- Dismissive comments on not only my job function in general but my ability to fulfil my duties
- Aggressive, sarcastic responses to requests for help and guidance
- Nasty rumours spread about me behind my back
- Snide comments about where I’m from
Don’t get me wrong. I’m up for a bit of craic and banter – no problem, I enjoy it. I have a pretty thick skin compared to my teenage self (due to seeking help and working on my personal development and mental well-being as I have matured). Where it crosses the line is the tone, the relationship with the colleague and the attitude towards me.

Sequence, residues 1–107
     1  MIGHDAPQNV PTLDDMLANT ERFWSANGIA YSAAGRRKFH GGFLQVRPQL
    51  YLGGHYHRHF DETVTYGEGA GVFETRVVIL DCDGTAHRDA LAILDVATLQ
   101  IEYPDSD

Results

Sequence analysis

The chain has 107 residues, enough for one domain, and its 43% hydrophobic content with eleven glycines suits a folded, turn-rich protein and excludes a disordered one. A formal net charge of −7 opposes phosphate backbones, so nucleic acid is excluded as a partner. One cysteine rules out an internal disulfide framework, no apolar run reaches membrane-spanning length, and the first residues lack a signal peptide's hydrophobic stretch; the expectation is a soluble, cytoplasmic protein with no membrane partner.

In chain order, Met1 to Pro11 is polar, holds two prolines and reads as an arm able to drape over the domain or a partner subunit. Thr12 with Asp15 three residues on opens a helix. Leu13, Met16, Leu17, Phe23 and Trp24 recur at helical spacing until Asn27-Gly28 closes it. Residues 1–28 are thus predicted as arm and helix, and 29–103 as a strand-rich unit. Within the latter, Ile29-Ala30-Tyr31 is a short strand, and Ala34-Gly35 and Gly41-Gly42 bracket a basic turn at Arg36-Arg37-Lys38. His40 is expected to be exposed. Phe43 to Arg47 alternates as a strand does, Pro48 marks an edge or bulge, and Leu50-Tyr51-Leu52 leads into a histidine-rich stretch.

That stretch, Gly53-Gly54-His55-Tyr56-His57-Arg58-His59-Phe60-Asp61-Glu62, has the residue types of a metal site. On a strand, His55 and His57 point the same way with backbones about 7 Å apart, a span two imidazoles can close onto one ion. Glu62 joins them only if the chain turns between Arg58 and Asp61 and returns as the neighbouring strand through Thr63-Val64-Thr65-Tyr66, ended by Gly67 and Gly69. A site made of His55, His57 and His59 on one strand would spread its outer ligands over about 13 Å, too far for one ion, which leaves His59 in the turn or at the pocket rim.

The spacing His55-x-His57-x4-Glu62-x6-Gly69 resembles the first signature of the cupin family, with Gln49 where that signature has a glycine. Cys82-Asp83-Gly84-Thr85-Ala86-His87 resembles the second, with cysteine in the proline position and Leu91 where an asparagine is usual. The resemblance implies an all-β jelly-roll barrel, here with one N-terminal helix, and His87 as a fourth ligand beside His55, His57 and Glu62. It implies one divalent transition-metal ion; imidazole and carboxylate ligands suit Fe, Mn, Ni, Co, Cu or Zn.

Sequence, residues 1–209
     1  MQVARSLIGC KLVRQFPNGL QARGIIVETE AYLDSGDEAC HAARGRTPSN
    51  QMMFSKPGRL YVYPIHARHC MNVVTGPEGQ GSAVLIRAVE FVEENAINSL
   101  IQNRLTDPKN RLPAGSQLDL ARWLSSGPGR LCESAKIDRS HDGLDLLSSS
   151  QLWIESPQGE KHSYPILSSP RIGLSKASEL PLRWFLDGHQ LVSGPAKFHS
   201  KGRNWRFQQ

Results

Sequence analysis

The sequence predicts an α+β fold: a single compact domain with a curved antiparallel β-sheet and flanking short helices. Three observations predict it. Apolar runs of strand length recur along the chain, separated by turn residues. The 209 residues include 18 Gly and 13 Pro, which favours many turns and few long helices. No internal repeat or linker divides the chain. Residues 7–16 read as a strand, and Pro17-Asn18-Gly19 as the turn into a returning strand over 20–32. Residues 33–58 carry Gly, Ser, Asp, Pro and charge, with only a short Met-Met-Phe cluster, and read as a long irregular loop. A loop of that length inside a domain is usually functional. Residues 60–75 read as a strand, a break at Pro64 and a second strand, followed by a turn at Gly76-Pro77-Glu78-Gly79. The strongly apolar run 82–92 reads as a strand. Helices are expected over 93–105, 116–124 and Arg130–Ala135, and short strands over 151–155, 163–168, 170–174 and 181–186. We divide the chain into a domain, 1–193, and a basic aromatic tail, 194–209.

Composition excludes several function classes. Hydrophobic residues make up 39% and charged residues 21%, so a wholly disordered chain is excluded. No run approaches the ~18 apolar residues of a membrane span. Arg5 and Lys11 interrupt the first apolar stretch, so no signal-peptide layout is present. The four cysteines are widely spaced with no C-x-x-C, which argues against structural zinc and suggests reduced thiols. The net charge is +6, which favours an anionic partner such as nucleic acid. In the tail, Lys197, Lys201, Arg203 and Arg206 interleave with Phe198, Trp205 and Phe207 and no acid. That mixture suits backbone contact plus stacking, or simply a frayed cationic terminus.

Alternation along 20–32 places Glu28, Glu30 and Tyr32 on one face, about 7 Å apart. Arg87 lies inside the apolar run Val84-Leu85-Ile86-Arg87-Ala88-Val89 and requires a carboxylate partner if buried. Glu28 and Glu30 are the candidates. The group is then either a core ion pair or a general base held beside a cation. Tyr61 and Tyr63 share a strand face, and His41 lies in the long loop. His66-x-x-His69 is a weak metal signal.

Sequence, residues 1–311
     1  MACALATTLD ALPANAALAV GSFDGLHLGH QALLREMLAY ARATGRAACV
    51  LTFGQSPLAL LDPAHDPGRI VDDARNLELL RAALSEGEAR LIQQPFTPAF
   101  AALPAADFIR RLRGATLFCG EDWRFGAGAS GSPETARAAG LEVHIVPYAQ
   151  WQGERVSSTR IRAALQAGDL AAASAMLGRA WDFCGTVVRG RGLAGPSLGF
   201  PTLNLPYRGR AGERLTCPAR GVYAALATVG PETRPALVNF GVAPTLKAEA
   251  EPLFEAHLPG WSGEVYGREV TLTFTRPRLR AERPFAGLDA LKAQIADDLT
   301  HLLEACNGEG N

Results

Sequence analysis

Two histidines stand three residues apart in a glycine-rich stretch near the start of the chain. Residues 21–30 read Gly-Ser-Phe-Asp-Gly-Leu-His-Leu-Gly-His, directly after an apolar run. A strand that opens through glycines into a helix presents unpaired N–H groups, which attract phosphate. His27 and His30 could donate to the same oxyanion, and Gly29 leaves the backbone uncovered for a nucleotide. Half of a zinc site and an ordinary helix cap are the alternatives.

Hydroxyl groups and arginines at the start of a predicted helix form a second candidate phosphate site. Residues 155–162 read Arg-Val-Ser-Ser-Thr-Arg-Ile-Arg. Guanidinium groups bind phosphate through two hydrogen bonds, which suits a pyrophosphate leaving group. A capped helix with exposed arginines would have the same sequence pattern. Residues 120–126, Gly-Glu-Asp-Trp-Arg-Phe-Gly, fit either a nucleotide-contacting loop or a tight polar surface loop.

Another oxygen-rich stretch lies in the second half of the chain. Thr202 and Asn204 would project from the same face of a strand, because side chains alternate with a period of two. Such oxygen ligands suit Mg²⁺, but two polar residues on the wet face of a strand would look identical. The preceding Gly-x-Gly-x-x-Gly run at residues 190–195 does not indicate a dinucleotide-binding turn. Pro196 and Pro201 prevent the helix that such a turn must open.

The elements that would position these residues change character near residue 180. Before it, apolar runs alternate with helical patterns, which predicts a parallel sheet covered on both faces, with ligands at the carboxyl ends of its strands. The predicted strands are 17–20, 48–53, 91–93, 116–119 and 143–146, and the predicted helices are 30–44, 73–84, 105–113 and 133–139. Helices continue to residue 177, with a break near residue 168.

The difference between workplace bullies and school bullies is that, as an adult, I didn’t tolerate it – not for long anyway. It did bring me back to the school buses, the hallways, the PE changing rooms with that same feeling of being ground down.
It affected me so much I fell into a deep depression and attempted to take my own life.
It may have taken therapists, counsellors, life coaches, family, friends and the more positive work colleagues, but I’m an assertive man now and I have learned to respect myself too much to tolerate bullying anymore. I spoke up for myself and addressed the problem head on. I built up my confidence. I recovered the assertiveness that was nearly totally ground away from me.
So What Did I Learn?
I took a lot of steps to address my workplace bullying problem and I can tell you that it hasn’t been a problem that’s come up since. I learned a few things that I wanted to share in the hope that it may help you deal with a workplace bully.
1. Meet up With Them